High priority (v.Next):

  • Grid. Make this work with ASMX and WCF JSON serialized services, and it will be the most popular control in the toolkit. Be sure that it renders <thead> and <tbody> elements, unlike the GridView.
  • Upload. We need a solid solution to the async upload problem. It’s not something that would be used as often as the Grid, but would be nearly irreplaceable.
  • Asynchronous validator. I began writing an asynchronous username availability validator last year, but became disillusioned before overcoming all of the hurdles involved. I think an asynchronous validator base control that allows custom, server-side validation rules would be a great addition.

Would be nice later:

  • Progress bar. How would this work? If it were easy to use, it could be very popular. It shouldn’t be rushed though. Save this till later and take the time to perfect it.
  • TreeView. This isn’t something I would use very much personally, but I think it would be welcomed by many developers.

Low priority:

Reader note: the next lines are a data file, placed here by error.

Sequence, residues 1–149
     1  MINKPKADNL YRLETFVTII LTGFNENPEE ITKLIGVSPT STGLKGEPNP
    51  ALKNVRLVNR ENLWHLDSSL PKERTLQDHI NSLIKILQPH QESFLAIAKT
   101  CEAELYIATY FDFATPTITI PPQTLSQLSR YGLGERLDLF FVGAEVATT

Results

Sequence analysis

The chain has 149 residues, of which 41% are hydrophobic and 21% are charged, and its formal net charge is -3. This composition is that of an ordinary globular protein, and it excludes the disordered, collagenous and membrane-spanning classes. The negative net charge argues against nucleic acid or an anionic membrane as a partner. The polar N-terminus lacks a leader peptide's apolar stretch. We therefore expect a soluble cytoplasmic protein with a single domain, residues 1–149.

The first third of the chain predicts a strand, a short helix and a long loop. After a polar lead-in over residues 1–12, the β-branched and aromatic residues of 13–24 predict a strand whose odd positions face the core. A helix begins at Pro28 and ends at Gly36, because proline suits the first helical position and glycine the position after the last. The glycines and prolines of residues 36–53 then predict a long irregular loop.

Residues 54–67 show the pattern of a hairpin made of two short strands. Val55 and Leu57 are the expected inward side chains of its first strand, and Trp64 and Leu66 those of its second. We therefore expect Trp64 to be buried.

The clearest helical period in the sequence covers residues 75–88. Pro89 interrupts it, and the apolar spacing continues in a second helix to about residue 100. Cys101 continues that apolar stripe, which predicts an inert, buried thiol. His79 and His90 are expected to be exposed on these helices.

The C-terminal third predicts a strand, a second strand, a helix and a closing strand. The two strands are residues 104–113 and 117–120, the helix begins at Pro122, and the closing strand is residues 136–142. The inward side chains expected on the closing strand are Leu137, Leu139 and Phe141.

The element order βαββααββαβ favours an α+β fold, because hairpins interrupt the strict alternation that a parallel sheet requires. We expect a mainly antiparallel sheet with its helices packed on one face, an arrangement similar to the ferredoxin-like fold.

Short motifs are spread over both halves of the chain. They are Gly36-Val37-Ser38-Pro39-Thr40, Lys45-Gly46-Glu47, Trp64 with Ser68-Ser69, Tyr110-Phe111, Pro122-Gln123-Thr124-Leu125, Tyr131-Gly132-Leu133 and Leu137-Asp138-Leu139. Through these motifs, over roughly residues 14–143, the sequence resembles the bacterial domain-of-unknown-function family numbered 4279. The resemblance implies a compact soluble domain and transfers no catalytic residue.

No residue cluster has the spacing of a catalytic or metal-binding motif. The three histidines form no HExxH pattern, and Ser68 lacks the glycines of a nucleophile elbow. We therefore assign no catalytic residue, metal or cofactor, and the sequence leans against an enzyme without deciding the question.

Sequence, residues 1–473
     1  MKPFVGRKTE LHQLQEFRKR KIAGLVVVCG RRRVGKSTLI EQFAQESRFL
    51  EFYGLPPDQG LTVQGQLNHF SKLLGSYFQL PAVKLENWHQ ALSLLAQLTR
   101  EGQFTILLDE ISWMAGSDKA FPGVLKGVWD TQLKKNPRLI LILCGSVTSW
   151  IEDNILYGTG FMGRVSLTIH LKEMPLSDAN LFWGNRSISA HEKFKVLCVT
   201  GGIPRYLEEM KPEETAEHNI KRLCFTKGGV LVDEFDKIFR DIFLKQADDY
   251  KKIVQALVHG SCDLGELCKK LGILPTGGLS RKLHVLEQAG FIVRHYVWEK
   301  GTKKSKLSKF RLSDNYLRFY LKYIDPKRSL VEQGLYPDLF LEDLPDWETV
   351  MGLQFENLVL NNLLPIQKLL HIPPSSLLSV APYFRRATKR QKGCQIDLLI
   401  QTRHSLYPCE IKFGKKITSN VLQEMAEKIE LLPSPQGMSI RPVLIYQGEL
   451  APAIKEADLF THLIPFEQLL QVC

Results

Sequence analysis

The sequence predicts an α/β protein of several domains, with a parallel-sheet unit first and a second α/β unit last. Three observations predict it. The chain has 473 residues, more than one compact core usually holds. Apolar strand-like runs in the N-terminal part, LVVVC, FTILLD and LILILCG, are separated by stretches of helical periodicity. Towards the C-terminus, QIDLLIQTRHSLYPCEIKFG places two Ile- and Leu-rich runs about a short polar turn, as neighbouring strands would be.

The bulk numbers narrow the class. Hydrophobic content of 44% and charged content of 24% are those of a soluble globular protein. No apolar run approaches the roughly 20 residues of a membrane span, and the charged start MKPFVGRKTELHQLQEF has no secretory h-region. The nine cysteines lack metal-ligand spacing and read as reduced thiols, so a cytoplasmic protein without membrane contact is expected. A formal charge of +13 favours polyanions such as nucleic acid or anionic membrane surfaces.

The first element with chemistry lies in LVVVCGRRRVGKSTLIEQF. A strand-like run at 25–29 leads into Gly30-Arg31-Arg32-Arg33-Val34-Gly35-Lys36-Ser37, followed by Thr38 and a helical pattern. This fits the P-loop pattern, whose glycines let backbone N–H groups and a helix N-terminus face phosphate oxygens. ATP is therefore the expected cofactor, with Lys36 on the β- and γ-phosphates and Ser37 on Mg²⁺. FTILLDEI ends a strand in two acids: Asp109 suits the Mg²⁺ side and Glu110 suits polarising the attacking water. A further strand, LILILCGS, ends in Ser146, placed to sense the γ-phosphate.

• Layout. How many real websites use these ubiquitous splitter controls? They are typically indicative of a poor web UI, attempting to copy the layout of a thick client. We can do without this.
  • Chart. It makes no sense to reinvent this wheel. A Silverlight based control isn’t going to be very widely adopted right now. More importantly, it doesn’t make sense to alienate the companies who have been supplying excellent visualization controls for years.
  • Color picker and rich text editor. As with charting, this functionality has been available for many years. There are mature solutions already available. Your efforts would be needlessly squandered here.

JavaScript build tools